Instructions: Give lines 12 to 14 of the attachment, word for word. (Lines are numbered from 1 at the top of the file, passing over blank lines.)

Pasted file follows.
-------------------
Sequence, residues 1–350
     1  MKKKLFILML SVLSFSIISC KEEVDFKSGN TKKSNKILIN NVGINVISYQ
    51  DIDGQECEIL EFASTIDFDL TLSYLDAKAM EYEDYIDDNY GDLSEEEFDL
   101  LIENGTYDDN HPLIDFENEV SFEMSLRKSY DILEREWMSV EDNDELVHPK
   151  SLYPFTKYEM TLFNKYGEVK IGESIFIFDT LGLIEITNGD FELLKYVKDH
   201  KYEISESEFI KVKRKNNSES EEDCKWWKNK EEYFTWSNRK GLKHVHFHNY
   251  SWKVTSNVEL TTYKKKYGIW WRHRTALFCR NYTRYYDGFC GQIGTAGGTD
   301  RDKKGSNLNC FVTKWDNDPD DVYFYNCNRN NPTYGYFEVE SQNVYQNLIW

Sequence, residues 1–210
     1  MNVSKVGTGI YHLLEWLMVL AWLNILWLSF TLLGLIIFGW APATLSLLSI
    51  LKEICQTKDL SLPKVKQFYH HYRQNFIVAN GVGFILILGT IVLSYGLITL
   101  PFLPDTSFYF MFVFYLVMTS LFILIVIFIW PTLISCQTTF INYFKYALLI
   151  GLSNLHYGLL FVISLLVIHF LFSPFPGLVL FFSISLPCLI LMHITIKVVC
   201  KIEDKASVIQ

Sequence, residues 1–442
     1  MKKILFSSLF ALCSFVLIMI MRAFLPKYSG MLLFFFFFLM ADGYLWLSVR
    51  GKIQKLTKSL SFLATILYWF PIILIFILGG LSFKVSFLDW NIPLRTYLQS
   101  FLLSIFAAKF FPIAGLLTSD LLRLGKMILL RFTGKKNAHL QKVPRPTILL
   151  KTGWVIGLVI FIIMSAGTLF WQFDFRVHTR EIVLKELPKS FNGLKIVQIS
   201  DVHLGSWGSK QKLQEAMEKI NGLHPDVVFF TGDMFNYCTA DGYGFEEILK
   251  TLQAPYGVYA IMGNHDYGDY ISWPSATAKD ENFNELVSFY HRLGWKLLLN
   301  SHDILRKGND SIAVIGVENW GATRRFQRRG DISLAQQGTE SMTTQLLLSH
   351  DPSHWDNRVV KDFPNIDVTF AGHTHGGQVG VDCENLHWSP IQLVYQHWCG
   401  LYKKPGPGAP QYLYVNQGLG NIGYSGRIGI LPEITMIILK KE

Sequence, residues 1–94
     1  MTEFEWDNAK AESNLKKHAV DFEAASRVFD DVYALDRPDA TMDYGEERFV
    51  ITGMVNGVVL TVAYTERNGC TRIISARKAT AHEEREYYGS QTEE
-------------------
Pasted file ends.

   101  PFLPDTSFYF MFVFYLVMTS LFILIVIFIW PTLISCQTTF INYFKYALLI
   151  GLSNLHYGLL FVISLLVIHF LFSPFPGLVL FFSISLPCLI LMHITIKVVC
   201  KIEDKASVIQ